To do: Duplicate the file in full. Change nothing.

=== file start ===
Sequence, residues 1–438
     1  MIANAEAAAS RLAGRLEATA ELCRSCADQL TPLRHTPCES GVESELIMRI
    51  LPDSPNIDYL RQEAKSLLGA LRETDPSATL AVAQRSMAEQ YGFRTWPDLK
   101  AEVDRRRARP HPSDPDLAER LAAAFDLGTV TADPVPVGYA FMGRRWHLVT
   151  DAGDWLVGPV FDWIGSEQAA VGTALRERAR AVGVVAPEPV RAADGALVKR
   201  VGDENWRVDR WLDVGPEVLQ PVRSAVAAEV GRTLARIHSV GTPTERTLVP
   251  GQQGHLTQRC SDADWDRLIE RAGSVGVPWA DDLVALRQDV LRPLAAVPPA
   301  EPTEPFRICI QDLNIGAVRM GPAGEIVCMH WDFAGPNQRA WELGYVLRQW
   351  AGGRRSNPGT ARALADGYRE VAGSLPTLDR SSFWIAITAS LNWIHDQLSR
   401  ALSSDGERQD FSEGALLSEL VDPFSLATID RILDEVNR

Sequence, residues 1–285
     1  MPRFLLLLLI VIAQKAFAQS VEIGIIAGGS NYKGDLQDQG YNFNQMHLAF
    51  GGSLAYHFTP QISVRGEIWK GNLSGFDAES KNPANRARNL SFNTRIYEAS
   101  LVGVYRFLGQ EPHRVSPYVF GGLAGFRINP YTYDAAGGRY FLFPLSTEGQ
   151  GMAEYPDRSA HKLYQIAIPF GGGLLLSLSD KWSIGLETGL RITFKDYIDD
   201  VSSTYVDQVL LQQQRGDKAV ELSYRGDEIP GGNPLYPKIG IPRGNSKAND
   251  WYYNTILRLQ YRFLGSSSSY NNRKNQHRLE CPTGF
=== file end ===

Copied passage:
Sequence, residues 1–438
     1  MIANAEAAAS RLAGRLEATA ELCRSCADQL TPLRHTPCES GVESELIMRI
    51  LPDSPNIDYL RQEAKSLLGA LRETDPSATL AVAQRSMAEQ YGFRTWPDLK
   101  AEVDRRRARP HPSDPDLAER LAAAFDLGTV TADPVPVGYA FMGRRWHLVT
   151  DAGDWLVGPV FDWIGSEQAA VGTALRERAR AVGVVAPEPV RAADGALVKR
   201  VGDENWRVDR WLDVGPEVLQ PVRSAVAAEV GRTLARIHSV GTPTERTLVP
   251  GQQGHLTQRC SDADWDRLIE RAGSVGVPWA DDLVALRQDV LRPLAAVPPA
   301  EPTEPFRICI QDLNIGAVRM GPAGEIVCMH WDFAGPNQRA WELGYVLRQW
   351  AGGRRSNPGT ARALADGYRE VAGSLPTLDR SSFWIAITAS LNWIHDQLSR
   401  ALSSDGERQD FSEGALLSEL VDPFSLATID RILDEVNR

Sequence, residues 1–285
     1  MPRFLLLLLI VIAQKAFAQS VEIGIIAGGS NYKGDLQDQG YNFNQMHLAF
    51  GGSLAYHFTP QISVRGEIWK GNLSGFDAES KNPANRARNL SFNTRIYEAS
   101  LVGVYRFLGQ EPHRVSPYVF GGLAGFRINP YTYDAAGGRY FLFPLSTEGQ
   151  GMAEYPDRSA HKLYQIAIPF GGGLLLSLSD KWSIGLETGL RITFKDYIDD
   201  VSSTYVDQVL LQQQRGDKAV ELSYRGDEIP GGNPLYPKIG IPRGNSKAND
   251  WYYNTILRLQ YRFLGSSSSY NNRKNQHRLE CPTGF